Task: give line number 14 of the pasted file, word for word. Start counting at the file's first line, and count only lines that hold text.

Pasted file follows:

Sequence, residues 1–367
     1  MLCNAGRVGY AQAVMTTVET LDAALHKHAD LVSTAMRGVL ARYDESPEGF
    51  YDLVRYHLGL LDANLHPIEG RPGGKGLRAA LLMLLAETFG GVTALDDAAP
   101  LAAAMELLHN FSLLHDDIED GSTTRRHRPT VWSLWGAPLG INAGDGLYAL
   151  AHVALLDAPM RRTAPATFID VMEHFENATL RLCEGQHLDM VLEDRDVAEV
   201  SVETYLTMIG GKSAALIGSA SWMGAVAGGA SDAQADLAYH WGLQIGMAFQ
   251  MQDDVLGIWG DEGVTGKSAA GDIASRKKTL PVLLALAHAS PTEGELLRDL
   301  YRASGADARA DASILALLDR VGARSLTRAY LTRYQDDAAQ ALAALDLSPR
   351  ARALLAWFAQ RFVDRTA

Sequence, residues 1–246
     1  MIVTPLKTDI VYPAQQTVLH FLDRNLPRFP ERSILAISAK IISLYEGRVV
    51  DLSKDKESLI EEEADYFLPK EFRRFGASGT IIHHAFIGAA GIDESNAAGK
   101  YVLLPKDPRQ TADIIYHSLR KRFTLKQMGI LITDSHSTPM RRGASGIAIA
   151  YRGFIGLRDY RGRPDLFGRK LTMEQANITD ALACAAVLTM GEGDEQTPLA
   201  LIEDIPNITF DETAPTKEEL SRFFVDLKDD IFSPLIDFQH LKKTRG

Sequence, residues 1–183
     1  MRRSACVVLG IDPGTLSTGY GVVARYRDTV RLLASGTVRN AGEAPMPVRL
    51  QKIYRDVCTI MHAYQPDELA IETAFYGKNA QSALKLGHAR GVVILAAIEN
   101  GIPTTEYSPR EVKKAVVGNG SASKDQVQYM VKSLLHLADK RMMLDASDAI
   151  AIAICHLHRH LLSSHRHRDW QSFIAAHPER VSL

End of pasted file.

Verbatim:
   151  YRGFIGLRDY RGRPDLFGRK LTMEQANITD ALACAAVLTM GEGDEQTPLA